Restaurants: When a wheelchair user eats out, there is nothing more frustrating than a table that is inaccessible. We look for pedestal tables that are high enough to roll under.
Parking: Accessible parking is abundantly available, but not always adjacent to entrances. A safer alternative is to make all handicap accessible parking on the same level as the entrance sidewalk, so handicapped people can avoid navigating through parking lots.
Ramps: Finding ramps adjacent to stairs is a welcoming sight for wheelchair users. In one small Arizona town, I had to access a restaurant through the kitchen door in an alleyway because the front steps to the building are a wheelchair barrier.
Pathway surfaces: Most wheelchairs can negotiate pavement and hardpacked dirt. Off-road trails with too many high rocks can be a problem, especially if your wheelchair has a metal easy-lock bolt installed in the bottom of it.
Accessible transportation: Off-road travel has been limited since we use a wheelchair accessible minivan that is very low to the ground because it has a built-in, automatic ramp. Inside it, my wheelchair is secured to the floor by its easy-lock system. In out-of-the-way spots I welcome the opportunity to ride in vans, trains, or jeeps that are wheelchair accessible.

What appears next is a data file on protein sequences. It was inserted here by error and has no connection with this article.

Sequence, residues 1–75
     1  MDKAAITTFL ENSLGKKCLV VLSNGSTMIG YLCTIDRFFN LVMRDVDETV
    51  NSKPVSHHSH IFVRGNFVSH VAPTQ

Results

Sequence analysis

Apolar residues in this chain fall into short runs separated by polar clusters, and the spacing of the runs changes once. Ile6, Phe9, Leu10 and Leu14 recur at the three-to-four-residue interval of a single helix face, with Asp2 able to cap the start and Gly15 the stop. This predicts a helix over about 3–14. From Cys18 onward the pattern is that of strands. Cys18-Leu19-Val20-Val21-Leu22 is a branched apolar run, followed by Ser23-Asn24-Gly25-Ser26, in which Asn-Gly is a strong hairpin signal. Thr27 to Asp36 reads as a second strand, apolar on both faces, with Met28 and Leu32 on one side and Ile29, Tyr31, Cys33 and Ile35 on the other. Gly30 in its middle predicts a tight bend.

We know that there are so many exciting places to explore and sights to see right here in our own backyard. We're anxious to try them out and "let the fun continue!"
Mission Of 2 Cool Lizards
EXPERIENCE LIFE. We want to encourage everyone to travel and truly experience the world around them. If we can increase public awareness about the barriers facing those with physical limitations and special dietary needs, perhaps we can help remove those barriers, allowing more people to travel and explore their surroundings. Besides the obvious humanitarian reasons for opening up travel to people with disabilities, it makes financial sense. If cities, parks and commercial establishments do not address this properly, they are leaving out a huge segment of the market. We realize it is difficult for every establishment to have a fully accessible restroom. Perhaps a better idea would be for each small town to have at least one fully accessible, family friendly restroom - perhaps in a downtown park or other central location.
Not all restaurants can provide diets to meet all needs. Due to the ever increasing population of people with gluten intolerance, we are now adding a section to address their needs.
If you own or know of a place that meets ADA requirements, is wheelchair accessible, is "family friendly" (provides private, lock-up restrooms), or addresses special dietary needs, please notify us using the contact button located on all of our menus. We will add you to our
list of resources.
Look for the following symbols on all of our destination pages. These sections provide information on accessiblilty of the place, plus information on whether the site is pet or child appropriate.
Click here for our Accessible Travel Resources